Passive House doesn’t necessarily connote modest, but there is no reason the two can’t comfortably coexist, as they do in this custom single-family home with suite. “High performance is not just for high-end custom homes,” says Graeme Verhulst of Waymark Architecture. “Good design is for everyone.”
The clients approached Waymark knowing that they wanted a Passive House and needed their costs to fall within a reasonable budget. Waymark delivered on these goals; the hard costs for the home are comparable to average construction costs in British Columbia. As Verhulst says, Passive House can encourage simplicity. By keeping the science and principles of Passive House design in mind from the beginning, he was also able to keep control of the budget—a win-win for the family.
The 214-m2 home has three bedrooms in the main house and another two in a deftly designed suite. A home office and an L-shaped great room with plenty of south-facing glazing occupy the ground floor of the primary residence, and all the bedrooms are upstairs. The suite is also two storeys—the layout desired by the clients, who wanted the suite to feel quite separate. “When space is tight, adding a second staircase is challenging,” acknowledges Verhulst, “but we made it work.”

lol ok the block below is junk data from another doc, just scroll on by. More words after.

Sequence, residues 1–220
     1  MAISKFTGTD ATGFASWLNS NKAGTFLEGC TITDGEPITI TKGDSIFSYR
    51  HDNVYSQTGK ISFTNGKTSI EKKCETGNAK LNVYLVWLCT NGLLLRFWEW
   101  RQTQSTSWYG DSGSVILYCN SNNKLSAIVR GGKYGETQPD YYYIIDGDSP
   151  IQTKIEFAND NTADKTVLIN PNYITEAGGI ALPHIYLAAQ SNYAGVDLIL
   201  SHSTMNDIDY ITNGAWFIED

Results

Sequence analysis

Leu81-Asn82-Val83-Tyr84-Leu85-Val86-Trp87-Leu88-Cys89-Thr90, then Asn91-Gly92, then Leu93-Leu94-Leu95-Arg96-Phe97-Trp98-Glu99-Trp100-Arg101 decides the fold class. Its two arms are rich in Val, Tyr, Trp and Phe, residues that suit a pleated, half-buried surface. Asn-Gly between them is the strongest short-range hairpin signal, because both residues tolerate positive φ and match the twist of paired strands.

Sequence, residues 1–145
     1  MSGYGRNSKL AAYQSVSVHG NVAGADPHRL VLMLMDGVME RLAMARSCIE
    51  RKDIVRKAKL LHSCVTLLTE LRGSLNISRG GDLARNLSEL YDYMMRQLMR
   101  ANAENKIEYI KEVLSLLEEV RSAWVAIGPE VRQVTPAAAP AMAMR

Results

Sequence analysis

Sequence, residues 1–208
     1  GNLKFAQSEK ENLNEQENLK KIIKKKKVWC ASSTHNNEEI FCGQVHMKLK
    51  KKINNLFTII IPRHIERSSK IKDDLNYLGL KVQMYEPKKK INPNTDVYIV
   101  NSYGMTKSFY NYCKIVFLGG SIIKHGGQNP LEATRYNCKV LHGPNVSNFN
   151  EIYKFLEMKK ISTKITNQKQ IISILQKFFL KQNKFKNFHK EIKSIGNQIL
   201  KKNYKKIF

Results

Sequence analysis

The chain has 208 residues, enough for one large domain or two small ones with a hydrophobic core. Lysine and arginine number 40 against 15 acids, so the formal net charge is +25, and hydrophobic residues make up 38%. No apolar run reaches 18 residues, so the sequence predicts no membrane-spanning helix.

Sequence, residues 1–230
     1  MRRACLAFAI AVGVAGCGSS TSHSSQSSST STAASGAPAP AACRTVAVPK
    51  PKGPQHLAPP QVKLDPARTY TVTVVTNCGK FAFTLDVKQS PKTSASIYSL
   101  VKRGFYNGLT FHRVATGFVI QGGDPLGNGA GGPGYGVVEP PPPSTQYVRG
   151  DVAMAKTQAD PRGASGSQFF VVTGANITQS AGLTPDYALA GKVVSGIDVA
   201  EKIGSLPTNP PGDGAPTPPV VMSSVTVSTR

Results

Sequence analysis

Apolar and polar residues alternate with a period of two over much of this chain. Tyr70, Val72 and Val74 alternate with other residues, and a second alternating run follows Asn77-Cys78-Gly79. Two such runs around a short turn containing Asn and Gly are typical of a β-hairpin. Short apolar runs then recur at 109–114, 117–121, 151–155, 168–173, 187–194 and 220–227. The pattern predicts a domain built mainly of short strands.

Keeping the assemblies uncomplicated, the above-grade walls are 2 x 6s sheathed in plywood, with a membrane air barrier outside the plywood. Twenty cm of mineral wool was applied to the exterior, held in place with thermally broken clips, and topped by metal cladding.
The clients wanted a polished-concrete floor, so all of the insulation in the foundation assembly had to be below the slab. Thermally isolating the slab made the foundation-to-above-grade wall details a little tricky. Spray foam was used to create a thermal break there. Intermittent internal shear walls land on thickened slab areas that act as anchors against seismic activity.
Boosting a single-family home’s density by adding on a suite is a bonus in terms of increasing a community’s available housing options, but adding occupants—and their accompanying appliances and electronics—in a relatively small space led to challenges in meeting the Passive House primary energy requirements. Surprisingly, this criterion was harder to address than the thermal demand, which is often the focus of Passive House design for buildings this size.